Sunday, October 12, 2008

The Casey Anthony Saga

Several readers have asked me to weigh in on the Casey-Caylee Anthony story and the media's coverage of it. I have been reluctant to step in because I dislike this type of story and tend not to pay close attention. Neither my life nor your's will rise or fall because of Caylee's disappearance or Casey's alleged involvement in her child's disappearance or possible death. As a mother I know this sounds harsh, but it needs to be said. There are other stories, such as the Wall Street fiasco, that do indeed affect every man, woman and child in this country. But that is a much more complex story to cover.

We have witnessed a number of cases like this in Florida. Trenton Duckett is another local-child-goes-missing case that fell under a 24-hour media watch, as did the Terry Schiavo case (which some people considered a crime, although I disagree). And who can forget Elian Gonzalez, who got the same media treatment? There are a number of others on the national scene, such as Jon Benet Ramsey, OJ Simpson and Natalee Holloway. Seeing a pattern here?

These are all crime cases, and crime is one of the easiest beats to cover. Put a police scanner, a reporter and crime tape together, and you have a story on the 5, 10 and 11 o'clock news cycles -- often with just a bit of new info added, if that. (Note that crime reporting has not suffered in the past 10 years or so, although crime rates fell significantly. This had the effect of distorting the role or rate of crime in communities. However, crime rates are beginning to rise again.)

In print, the Orlando Sentinel practically ignores the Anthony case, but splatters it all over its Web site, where it's all-Cayley-Casey-all-the-time. There's a reason for this: The Anthony case drives visitors to the site. In an earlier post, I wrote that in August the Sentinel landed on Nielsen Online's list of Top 30 online newspaper sites (it was No. 30), as reported by Editor & Publisher.

There's nothing to account for it, except the Anthony case. The Sentinel has not reported anything spectacular or breathtaking lately. The Central Florida area has not had a major disaster, such as shuttle going kaput. Tourism traffic is down, so it can be that. It's got to be the Anthony case, which has gone national in broadcast and print. The Sentinel and other local media have latched onto the story and are are milking it dry. In these lean advertising times, an increase in Web visitors or TV viewers is a boost to the bottom line.

The media -- print and broadcast -- whip up a public frenzy with these cases that is unconscionable. Do we really need to know that Casey Anthony visited her lawyer on any given day? No. If TV vans and reporters were not permanently parked outside the Anthony home, would the vigilante crowds disperse? I think so. All the world's a stage, and when when you take away the platform the actors scamper, looking for their next close-up.

Time and time again, this type of coverage has created a downward spiral that has contributed to a miscarriage of justice. The magnification of the crimes is so huge and out of proportion to reality that it results in spontaneous combustion. Law enforcement, under extreme pressure to resolve a case, screws up procedurally, tactically and in other ways. The defendants, under the glare of enormous spotlights, attract shady characters looking for publicity. That was the role played by the Padilla (no relation) bounty hunters in the Anthony case.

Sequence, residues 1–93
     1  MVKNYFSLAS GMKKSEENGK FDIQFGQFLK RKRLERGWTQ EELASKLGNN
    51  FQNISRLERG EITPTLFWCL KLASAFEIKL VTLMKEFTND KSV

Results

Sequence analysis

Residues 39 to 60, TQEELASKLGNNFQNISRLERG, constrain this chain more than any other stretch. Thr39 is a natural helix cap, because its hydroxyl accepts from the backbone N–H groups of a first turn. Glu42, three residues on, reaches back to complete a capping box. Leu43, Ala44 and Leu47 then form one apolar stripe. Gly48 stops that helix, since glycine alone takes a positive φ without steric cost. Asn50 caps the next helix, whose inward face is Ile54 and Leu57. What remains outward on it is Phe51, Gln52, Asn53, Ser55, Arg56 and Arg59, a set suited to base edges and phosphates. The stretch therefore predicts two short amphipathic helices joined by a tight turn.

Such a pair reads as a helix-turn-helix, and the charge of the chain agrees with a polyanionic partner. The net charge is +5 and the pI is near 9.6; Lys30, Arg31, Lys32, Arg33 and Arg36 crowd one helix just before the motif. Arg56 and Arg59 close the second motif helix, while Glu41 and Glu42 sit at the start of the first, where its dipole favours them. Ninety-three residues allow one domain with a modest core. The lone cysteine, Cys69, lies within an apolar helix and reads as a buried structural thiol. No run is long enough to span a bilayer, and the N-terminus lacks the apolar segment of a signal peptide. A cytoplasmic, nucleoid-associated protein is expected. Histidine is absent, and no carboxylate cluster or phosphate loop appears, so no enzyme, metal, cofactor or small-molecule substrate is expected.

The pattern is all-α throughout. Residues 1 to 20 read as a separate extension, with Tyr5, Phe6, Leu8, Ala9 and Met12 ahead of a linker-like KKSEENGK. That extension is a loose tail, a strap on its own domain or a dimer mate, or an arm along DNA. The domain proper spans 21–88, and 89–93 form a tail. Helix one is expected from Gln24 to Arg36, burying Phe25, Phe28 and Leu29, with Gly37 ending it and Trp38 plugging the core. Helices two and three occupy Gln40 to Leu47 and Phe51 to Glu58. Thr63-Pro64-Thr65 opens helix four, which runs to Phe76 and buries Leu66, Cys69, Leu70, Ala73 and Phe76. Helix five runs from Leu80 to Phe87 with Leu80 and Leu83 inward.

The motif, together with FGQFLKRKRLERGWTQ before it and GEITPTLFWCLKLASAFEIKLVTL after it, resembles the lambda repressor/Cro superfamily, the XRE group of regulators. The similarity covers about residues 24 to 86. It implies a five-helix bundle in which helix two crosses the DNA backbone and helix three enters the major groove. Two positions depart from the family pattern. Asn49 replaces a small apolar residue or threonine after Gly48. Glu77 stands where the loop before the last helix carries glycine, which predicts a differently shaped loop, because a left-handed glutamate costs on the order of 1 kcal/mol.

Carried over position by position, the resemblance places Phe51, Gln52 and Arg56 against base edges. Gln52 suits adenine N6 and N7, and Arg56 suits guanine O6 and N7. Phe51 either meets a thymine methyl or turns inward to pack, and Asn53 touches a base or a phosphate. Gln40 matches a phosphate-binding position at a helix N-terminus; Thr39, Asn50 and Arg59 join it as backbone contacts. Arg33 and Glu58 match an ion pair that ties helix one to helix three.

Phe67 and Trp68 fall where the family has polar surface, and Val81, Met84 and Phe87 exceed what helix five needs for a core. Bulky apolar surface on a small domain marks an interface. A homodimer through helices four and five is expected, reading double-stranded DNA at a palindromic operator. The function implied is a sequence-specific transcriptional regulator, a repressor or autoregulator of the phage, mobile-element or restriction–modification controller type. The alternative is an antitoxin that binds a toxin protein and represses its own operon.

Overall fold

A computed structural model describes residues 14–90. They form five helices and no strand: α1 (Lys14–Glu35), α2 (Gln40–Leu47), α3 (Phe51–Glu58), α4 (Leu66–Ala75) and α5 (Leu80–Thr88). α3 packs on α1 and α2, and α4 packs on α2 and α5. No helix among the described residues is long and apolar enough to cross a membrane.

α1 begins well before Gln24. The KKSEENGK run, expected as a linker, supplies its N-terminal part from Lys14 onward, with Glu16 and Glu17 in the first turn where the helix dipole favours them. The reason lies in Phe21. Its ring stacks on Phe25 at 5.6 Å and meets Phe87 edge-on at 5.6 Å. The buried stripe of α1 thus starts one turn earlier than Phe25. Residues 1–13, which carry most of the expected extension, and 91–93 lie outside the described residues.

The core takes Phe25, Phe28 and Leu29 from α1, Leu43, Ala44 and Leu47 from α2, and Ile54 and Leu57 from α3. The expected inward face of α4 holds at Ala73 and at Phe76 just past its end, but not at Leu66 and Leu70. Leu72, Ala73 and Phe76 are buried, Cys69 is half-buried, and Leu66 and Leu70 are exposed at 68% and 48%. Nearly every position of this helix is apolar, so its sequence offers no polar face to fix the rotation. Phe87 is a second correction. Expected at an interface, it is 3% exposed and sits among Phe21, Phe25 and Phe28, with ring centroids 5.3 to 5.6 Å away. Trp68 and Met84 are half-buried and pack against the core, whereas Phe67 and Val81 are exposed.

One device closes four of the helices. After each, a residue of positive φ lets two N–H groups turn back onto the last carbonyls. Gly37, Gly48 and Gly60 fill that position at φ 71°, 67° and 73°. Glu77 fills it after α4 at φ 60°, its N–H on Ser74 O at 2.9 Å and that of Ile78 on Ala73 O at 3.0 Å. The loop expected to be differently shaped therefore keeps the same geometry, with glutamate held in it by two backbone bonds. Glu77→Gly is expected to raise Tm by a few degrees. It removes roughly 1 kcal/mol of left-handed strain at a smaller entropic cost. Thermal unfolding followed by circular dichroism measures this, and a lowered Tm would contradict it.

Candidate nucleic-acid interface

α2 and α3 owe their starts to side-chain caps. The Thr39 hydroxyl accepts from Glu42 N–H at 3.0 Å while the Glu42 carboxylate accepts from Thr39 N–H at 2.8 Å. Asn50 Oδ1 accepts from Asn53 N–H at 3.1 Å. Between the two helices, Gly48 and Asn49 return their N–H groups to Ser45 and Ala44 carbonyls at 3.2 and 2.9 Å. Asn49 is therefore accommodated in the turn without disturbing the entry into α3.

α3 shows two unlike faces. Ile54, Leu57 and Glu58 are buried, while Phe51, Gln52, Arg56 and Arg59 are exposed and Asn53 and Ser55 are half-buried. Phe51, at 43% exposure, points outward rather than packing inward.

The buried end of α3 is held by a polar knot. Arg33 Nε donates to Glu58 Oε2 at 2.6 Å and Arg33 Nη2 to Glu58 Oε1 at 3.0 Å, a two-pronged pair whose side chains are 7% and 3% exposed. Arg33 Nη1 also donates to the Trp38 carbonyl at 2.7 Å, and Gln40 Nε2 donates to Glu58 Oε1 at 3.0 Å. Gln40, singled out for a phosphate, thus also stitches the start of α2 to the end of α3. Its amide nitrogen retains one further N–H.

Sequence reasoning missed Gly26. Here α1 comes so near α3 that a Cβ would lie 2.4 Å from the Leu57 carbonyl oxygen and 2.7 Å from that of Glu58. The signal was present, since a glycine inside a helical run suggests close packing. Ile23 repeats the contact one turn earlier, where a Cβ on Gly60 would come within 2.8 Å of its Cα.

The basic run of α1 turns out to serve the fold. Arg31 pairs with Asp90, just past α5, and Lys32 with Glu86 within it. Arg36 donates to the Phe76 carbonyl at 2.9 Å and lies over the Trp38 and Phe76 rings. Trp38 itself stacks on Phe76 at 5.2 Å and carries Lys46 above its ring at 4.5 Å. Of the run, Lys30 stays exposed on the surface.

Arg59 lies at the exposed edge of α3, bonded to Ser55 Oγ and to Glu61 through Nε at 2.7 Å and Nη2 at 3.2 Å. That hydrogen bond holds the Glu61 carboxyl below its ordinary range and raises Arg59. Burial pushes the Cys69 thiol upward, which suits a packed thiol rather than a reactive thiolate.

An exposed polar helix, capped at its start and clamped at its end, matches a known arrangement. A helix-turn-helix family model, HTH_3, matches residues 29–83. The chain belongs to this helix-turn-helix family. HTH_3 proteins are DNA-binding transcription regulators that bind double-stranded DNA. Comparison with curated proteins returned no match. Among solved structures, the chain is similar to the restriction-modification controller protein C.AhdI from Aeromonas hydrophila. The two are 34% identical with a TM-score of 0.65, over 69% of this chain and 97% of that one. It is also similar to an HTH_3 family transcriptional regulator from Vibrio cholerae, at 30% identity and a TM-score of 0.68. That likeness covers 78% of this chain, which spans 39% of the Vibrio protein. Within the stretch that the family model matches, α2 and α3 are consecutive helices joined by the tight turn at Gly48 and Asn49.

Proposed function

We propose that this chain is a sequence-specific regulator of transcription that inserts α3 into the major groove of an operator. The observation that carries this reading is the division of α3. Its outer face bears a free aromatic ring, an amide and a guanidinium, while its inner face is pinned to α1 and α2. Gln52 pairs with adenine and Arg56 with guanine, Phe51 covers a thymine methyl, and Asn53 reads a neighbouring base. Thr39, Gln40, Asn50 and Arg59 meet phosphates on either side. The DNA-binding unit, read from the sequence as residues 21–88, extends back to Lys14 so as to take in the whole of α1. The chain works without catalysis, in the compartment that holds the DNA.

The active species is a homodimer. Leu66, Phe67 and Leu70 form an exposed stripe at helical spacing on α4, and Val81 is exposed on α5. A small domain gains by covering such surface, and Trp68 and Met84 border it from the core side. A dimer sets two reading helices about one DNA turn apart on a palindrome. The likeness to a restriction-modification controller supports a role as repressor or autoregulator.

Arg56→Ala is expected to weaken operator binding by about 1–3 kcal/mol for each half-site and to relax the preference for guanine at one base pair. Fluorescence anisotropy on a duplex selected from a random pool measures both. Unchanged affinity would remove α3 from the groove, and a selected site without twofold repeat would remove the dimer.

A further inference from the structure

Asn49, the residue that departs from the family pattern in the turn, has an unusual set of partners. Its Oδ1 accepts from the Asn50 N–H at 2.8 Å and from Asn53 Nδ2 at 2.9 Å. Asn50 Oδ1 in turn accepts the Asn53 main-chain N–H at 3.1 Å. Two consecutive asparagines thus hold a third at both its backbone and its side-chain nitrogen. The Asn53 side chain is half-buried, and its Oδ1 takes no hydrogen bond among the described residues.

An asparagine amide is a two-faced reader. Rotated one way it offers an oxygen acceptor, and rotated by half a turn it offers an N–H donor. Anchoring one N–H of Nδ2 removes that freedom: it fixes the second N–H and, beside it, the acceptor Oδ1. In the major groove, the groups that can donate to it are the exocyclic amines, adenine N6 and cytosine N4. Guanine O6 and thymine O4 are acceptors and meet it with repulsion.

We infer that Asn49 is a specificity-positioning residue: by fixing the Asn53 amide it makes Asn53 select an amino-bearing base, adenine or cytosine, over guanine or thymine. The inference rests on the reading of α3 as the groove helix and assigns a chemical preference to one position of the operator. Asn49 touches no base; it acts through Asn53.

I am no Casey Anthony fan (no mother waits 30 days to report her missing child), but can she get a fair trail here? If Casey Anthony were ugly, would the media be following her around? Probably not.

The Jon Benet Ramsey, Natalee Holloway and Trenton Duckett cases have all led to dead ends. In the Duckett case, the mother, considered suspicious, committed suicide. The Ramseys had to move from Colorado and were cleared of suspicion only recently. Elian Gonzalez appeared as if he were about to have a nervous breakdown and the FBI had to use armored vehicles to break down doors to get Gonzalez out of Miami. The media frenzy had a lot to do with it. (I covered part of Gonzalez story, and have never experienced anything like it.)

And don't forget that the Atlanta Journal Constitution had to pay out a nice chunk of change to security guard Richard Jewell because of its faulty coverage of the Atlanta Olympics bombing case. I could go on -- how about the New York Times and scientist Wen Ho Lee? -- but I think I've made my point.

We are likely to see a non conclusion to the Anthony case. Of course, the Sentinel and local TV will pretend they had absolutely nothing to do with it.


Anonymous said...

Thank you for calling them on this.
News organizations are using their Web sites as sleazy lures to attract visits, hoping to convince advertisers it's a place they should spend their marketing money. Smart advertisers don't just look at hits, but at what got people there. A look at the tricks being used by the Sentinel and others would turn most serious ad clients away.
I's a desperate move that's demeaning the dignity (remember that?) of journalism.

Anonymous said...

what's even funnier is the pathetic attempt to get cleavage into the little photos pasted in the middle of the site's front page. for some reason they keep using - and reusing - stills from that stripper movie that bombed from 15 or more years ago.
Yeah, that's "news" today in central Florida! Um, no. Some days they manage to have cleavage in three of the little posts - does someone get a bonus if all the photos have breast exposure?
is Simmons proud of this? I think it is sad, almost tabloid-like. hey, move down to Boca and work for a tab - they pay well and you are already trained to think as they do.